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Home-based walking program shows promise for intermittent claudication

Reuters Health - 12/04/2022 - A home-based walking program can provide clinically meaningful improvement in walking capacity in adults with peripheral artery disease (PAD) and intermittent claudication, according to results of a randomized controlled trial.

The Motivating Structured Walking Activity in People With Intermittent Claudication (MOSAIC) trial enrolled 190 adults with intermittent claudication due to PAD.

The 12-week intervention consisted of two hour-long, individual, in-person sessions during the first two weeks and two 20-minute telephone calls over weeks six to 12.

The four sessions were delivered by physical therapists who used motivational interviewing, guided by behavior-change principles, to help individuals set personalized walking exercise goals, monitor their progress, and identify and overcome challenges to sticking with the program.

At the three-month follow-up, 6-minute walk distance in the intervention group rose from 352.9 meters at baseline to 380.6 meters in the intervention group (mean increase 22.3 m) and from 369.8 meters to 372.1 meters in the usual care group (mean increase 9.2 meters).

The adjusted mean between-group difference of 16.7 meters was statistically significant (P=0.009), Dr. Lindsay M. Bearne, of Kingston University and St George's, University of London, United Kingdom, and colleagues report in JAMA.

"Currently, clinical practice guidelines from different countries and medical specialties unequivocally endorse supervised exercise as first-line therapy for PAD. However, most people with PAD do not participate in supervised exercise," writes the author of a JAMA editorial.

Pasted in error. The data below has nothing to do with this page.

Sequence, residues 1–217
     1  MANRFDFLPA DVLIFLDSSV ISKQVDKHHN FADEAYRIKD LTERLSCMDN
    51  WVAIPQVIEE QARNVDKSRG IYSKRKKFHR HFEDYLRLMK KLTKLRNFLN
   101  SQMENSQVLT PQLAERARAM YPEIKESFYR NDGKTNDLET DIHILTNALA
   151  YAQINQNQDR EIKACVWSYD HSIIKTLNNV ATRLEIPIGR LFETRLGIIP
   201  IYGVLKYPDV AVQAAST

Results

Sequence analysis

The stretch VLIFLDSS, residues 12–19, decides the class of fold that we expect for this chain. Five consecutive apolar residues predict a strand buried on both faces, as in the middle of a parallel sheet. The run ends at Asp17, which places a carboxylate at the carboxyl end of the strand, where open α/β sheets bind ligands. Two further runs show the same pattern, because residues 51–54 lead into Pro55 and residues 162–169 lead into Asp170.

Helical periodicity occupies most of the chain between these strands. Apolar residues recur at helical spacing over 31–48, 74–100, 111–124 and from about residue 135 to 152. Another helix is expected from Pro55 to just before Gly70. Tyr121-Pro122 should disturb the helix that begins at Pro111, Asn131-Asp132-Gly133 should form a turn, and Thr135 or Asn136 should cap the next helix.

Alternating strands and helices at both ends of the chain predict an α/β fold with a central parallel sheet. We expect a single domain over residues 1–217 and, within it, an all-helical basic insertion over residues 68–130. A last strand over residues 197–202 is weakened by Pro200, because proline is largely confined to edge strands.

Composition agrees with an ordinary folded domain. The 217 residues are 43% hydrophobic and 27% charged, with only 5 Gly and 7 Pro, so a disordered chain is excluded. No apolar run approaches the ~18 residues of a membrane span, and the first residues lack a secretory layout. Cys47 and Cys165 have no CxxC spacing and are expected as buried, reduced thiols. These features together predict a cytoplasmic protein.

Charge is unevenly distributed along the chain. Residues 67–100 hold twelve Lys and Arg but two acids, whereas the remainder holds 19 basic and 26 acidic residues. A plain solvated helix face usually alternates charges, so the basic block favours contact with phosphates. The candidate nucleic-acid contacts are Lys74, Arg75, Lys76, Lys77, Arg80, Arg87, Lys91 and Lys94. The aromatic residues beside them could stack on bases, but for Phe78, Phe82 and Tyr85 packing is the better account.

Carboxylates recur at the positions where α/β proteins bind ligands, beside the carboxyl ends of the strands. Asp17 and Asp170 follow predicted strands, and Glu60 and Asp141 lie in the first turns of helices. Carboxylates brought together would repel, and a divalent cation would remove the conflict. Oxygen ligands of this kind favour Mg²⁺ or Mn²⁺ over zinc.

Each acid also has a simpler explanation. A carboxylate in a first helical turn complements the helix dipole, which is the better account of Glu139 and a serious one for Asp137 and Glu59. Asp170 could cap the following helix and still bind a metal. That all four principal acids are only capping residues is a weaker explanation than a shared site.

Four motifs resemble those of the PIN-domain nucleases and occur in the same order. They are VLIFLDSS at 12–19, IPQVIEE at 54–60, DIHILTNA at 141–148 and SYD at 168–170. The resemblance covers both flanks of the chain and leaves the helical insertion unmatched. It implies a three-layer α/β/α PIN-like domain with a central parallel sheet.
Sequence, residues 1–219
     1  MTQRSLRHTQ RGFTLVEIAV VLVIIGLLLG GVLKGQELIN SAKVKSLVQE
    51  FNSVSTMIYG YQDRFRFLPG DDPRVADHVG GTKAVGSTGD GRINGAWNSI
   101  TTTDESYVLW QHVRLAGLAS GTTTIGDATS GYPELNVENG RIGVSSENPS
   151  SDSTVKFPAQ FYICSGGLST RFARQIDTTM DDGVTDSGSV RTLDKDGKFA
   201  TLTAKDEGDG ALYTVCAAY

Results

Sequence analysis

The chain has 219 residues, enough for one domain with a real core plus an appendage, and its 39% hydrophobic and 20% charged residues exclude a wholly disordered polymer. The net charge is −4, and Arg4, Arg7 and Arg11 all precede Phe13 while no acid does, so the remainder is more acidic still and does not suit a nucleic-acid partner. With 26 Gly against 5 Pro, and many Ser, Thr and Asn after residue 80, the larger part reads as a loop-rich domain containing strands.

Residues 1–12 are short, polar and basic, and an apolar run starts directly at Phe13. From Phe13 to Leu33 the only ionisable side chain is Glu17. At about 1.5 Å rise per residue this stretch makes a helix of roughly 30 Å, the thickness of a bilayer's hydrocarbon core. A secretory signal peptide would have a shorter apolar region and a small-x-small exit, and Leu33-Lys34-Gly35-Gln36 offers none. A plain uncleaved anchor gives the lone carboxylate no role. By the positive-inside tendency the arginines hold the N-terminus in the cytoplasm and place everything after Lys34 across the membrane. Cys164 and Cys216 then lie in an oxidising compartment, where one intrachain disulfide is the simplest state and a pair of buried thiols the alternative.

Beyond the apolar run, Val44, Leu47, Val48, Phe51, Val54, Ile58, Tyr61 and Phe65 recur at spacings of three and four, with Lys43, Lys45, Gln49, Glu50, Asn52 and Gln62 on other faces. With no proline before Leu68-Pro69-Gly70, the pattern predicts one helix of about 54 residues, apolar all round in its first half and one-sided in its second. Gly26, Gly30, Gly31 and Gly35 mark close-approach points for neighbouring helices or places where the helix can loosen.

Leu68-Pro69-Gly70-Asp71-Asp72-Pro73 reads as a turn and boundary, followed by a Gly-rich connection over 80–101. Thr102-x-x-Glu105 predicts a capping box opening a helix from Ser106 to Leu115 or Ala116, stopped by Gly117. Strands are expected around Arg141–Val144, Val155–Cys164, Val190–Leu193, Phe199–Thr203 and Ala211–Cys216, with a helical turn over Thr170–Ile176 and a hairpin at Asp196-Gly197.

"Home-based walking exercise, defined by walking exercise conducted in or near the home without the presence of an exercise physiologist or nurse, circumvents the requirements for a facility and the inconvenience of traveling to a center for exercise and could increase participation in exercise activity by patients with PAD," Dr. Mary M. McDermott, with Northwestern University Feinberg School of Medicine in Chicago adds.

This effect of the MOSAIC trial intervention was "consistent with a statistically significant and modest but clinically meaningful improvement in 6-minute walk distance," Dr. McDermott notes.

"However, enthusiasm and evidence for home-based walking exercise for patients with PAD has been modest. Given the absence of alternative highly effective non-invasive therapies for PAD, developing home-based exercise into first-line therapy for PAD is an imperative," Dr. McDermott concludes.

SOURCE: https://bit.ly/3KD1ons JAMA, online April 12, 2022.

By Reuters Staff

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